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The "I am" Anaphora

November is a special month for me. I love when the trees let down, allowing in the lowlights of the season. The fair-weather crowds have thinned. Here, the world quiets. We had our first frost on this morning of the November new moon. It’s here, the cold, the darkness, and it’s hunting season, too, so our woods walks are limited. We don blaze-orange hats and take to the beach, or the leaf-littered roads. It’s a wonderful season to go within, to look for the ancestors in the shadows, to think about where we come from, where we stand now, who we are. Pondering thoughts, such as these, are supported by the night.


It’s also National Native American Heritage Month. We opened our November Gateless Salon Series with a sudden prompt inspired by the poem, “The Delight Song of Tsoai-Talee” by the Pulitzer Prize winning author, N. Scott Momaday, who was born to a father of Kiowas Indian heritage and a mother of European and Cherokee heritage. He grew up on reservations in the southwest where his parents were teachers. “The Delight Song…” is a twenty-four line poem, the first eighteen lines beginning with the phrase, I am. The nineteenth line opens the second stanza, breaking the pattern with a new repetition, you see, followed by another, I stand. I read the poem and invited writers to write into the lead lines after N. Scott Momaday’s poem. Twenty-two writers. Twenty-two new poems. The results were gorgeous.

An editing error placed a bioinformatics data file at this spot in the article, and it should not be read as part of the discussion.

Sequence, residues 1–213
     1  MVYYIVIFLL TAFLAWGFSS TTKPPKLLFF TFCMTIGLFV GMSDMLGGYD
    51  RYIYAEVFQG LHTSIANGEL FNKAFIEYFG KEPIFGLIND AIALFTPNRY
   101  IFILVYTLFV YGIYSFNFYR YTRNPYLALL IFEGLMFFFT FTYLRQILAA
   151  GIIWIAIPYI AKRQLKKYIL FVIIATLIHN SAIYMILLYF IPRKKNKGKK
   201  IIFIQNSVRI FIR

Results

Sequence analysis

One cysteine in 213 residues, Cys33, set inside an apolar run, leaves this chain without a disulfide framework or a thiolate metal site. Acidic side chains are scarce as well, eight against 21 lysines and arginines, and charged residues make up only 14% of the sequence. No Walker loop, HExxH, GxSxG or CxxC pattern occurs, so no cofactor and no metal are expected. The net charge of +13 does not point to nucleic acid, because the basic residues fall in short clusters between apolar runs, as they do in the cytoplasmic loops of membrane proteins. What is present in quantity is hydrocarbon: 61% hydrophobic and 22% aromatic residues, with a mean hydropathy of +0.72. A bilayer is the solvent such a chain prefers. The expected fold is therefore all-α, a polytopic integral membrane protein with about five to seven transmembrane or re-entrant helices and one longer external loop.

All year I have been exploring the nature of repetition in the form of anaphora, not just in writing, but in life. I have been fascinated with the practice of repetition as a repetitive practice. For example, last week, I vowed to walk the beach every day at the same time, at the nearing of a low tide, for the same number of steps as recorded by my phone. I found the walking, repeating the same route, rather soothing. I have missed feeling soothed these past half dozen years.


Here’s a list of verbs that mean the same or similar thing as anaphora.





Creativity ​Prompt


~ Read the poem, "The Delight Song of Tsoai-talee."


~ Or hear it read by Elizabeth Mo at Poetry Out Loud.


~ Write the following lead lines on a piece of paper. Then set your timer for four minutes and write, following the lead of the phrase offered, allowing whatever wants to come to come. When you bump into the next line, let it take you somewhere else.


I am a…

I am the…

I am the…

You see, I am…

I stand in relation to…

I stand…

I am…


~ Circle the line you like best. Then draw, paint, dance, collage with images cut from magazines, or take a photo of your phone, make some kind of art that expresses that line about who you are or where you stand in a way other than in words.


"I am a finder of hearts on the beach at low tide."



If you want to read more of my thoughts on anaphora, see last month's new moon post, "Finding Calm in the Anaphora."


Many thanks to N. Scott Momaday, and to you all who are here reading and creating.


~ Jodi xo